To find out, I copied the introductory paragraphs (304 words) from my most recent article, “Shaw’s Pygmalion: The Play’s the Thing,” and crunched some numbers. (Did you notice the title I chose? It’s all one-syllable words except for Pygmalion, the title of Shaw’s play.)

The first step was to calculate the reading level: 11th grade, according to a readability website – within the ballpark for a scholarly journal. Two of my sentences came in at seventh-grade level: 

Playwriting was not Shaw’s first career choice.

The passage of time has also deepened our understanding of the play.

Next I counted all the one-syllable words. There are 134 of them – more than a third of the total word count. (Examples include the, in, a, his, plays, still, more, than, has, place, great – nothing unusual.)

What about the longer words? Most of them aren’t difficult either: About, delighted, problems, issues, weren’t, directly, professional, effectively, creation, public, successful, popular, recent, interest, explains. Two words – theatrical and dramatist – might not appear in an ordinary conversation, but they’re not hard to understand.

Now for the hard words. In addition to Pygmalion (three times), and the names of two scholars (Hornby and Gainor), I counted ten words that only educated readers might know: Rapturous, refuted, pantheon, metadrama, inherent, transmitting, generate, persona, collaborative, and reproach. That’s 3% of the 304-word total – only 1 word out of every 33.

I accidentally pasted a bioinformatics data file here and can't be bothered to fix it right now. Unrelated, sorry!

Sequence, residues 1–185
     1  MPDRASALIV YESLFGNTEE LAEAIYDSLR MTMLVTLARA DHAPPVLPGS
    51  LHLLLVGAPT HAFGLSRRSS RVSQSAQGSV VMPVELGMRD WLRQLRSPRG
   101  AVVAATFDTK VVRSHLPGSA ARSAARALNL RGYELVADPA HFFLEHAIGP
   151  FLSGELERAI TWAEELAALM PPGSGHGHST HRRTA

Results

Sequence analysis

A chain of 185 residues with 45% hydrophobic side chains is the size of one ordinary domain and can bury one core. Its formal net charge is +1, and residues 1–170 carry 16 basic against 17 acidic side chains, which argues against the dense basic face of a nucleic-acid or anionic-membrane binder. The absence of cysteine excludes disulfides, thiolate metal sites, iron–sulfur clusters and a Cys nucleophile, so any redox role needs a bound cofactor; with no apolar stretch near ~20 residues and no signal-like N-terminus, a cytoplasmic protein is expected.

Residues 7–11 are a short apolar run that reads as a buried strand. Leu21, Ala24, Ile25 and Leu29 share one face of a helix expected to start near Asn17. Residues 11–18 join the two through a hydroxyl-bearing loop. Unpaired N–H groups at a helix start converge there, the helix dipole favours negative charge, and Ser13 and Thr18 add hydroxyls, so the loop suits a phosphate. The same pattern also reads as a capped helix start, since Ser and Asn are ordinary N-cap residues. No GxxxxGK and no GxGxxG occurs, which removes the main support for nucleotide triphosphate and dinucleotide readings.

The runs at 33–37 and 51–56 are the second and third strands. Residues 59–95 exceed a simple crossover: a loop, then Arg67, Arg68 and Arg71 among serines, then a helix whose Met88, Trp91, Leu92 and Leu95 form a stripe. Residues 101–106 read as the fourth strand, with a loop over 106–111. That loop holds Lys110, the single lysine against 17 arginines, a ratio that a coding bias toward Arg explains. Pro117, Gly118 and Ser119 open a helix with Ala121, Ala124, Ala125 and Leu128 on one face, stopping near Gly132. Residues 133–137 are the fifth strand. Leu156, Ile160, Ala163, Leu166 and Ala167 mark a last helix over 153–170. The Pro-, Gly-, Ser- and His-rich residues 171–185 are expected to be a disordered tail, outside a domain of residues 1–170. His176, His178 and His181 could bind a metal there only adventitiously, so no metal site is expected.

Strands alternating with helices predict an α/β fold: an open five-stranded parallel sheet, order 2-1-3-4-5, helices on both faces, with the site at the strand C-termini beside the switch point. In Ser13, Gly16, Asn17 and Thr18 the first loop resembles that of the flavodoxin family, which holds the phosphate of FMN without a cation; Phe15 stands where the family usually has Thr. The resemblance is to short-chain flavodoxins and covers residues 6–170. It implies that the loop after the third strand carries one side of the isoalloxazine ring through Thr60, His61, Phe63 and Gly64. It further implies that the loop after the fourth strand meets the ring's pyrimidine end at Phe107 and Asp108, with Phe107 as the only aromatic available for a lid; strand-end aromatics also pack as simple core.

*  *  *  *  *  *  *

When I tackle a scholarly project, my focus is finding something new and different to say. (In fact that’s how I tackle any writing project.) I’ve been working on a paper about Shaw’s play Village WooingThe early stages have been frustrating – every idea I came up with was something that my listeners might have heard before. Finally I was able to find something that (I hope!) will interest them. If not – the delete key will be there for me.

Once the ideas are in place, I concentrate on that riding-a-big-beautiful-horse feeling. Is my audience going to gallop along with me? If not – you guessed it! – it’s time for that delete key.

Bottom line: Good writing isn’t about your desire to impress. It’s about creating an experience for your readers – a lively and engaging one that they’ll enjoy and remember.